The master guildsmen are composed of staff members who, holding the position of master for several guilds if necessary, are given information by the lead teachers of the project beforehand. This enables them to be prepared to ask tough questions of those students approaching them for inclusion into a particular guild. This master/apprentice relationship will continue throughout the project, with students recieving proper "marks" upon their apprenticeship cards for each visit to their "master".
Other mater/apprenticeship relationships will be established with real-life experts in their particular fields which correspond to the nature of each guild. E-mail and tele-conferencing will occur which will enable students to access this outside resources.
Weeks 3-5:
The students are now ready to spend the next three weeks in the computer lab and learning center investigating the skills and various aspects of their chosen guild or liberal art through use of the school website, searching the internet, utilizing material in the learning center, and investigating appropriate CD-ROMs. They will also utilize the other resources available to them within the school such as the art lab, the home economics facilities, the science labs, etc. This will enable them to showcase their talents at the Guild Hall in order to procure employment under prospective employers who have come to hire the needed talent for various projects such as:
During the 5th week, students will brainstorm in groups and as a class what each of these projects entail (type of craftsman and liberal arts people would you need to complete them). From this brainstorming chart plus the Apprentice Questions handout, the students will compose rubrics which list the criteria by which they will be judged by prospective master guildsmen and/or liberal arts gentlemen. These rubrics will be used to judge whether an apprentice or intern is ready to enter the real world as a journeyman and be taken on by a prospective employer. Since the students will be creating these rubrics, we have listed only those parts of their projects which must be included on the List of Requirements sheet.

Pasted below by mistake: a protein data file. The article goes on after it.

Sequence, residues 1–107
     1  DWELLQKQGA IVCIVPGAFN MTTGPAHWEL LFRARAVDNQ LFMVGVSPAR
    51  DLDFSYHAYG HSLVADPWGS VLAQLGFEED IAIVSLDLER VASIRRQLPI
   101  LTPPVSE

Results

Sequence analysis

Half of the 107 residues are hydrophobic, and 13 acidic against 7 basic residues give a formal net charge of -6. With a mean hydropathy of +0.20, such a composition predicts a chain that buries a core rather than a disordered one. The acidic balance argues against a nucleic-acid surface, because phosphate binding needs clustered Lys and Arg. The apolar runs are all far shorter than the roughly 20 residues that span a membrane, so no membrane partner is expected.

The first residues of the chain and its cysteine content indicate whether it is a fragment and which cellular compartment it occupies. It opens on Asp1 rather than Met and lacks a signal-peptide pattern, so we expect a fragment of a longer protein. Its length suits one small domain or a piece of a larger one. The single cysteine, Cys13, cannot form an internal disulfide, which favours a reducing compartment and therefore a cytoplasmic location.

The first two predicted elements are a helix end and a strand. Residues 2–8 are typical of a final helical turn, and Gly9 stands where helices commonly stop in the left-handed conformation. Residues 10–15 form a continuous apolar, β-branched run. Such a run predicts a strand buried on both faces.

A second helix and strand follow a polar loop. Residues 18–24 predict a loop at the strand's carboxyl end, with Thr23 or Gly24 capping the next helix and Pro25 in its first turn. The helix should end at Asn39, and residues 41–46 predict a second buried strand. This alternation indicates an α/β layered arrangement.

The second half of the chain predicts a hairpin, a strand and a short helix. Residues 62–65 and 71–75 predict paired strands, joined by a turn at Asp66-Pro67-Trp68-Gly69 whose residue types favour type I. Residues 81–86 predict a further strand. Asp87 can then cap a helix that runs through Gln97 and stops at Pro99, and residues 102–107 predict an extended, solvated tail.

Each student will play both the role of a prospective employer as well as employee. This will take place over a two day period as the culminating activity for the unit. One day, half the students will display and demonstrate the skills and knowledge they have obtained concerning their chosen guild or liberal art. The other half of the students will take on the role of prospective employers and armed with the student created rubrics, will evaluate the quality of work done by students, giving reasons for their decisions.
The scripts, products, and primary and secondary research sources of those passing from apprenticeship to working status will be added to the school's website by volunteer students in the following summer, to share with upcoming classes and the world-wide community.

Created for the Fermilab LInC program sponsored by Fermi National Accelerator Laboratory Education Office, Friends of Fermilab, United States Department of Energy, Illinois State Board of Education, and North Central Regional Technology in Education Consortium which is operated by North Central Regional Educational Laboratory (NCREL).
Authors: Bonnie Panagakis, Chris Marszalek, Linda Mazanek
School: Twin Groves Junior High School, Buffalo Grove, Illinois 60089
Created: October 18, 1997 - Updated: December 6, 1997
URL: /lincon/f97projects/cmarszalek/scenario.html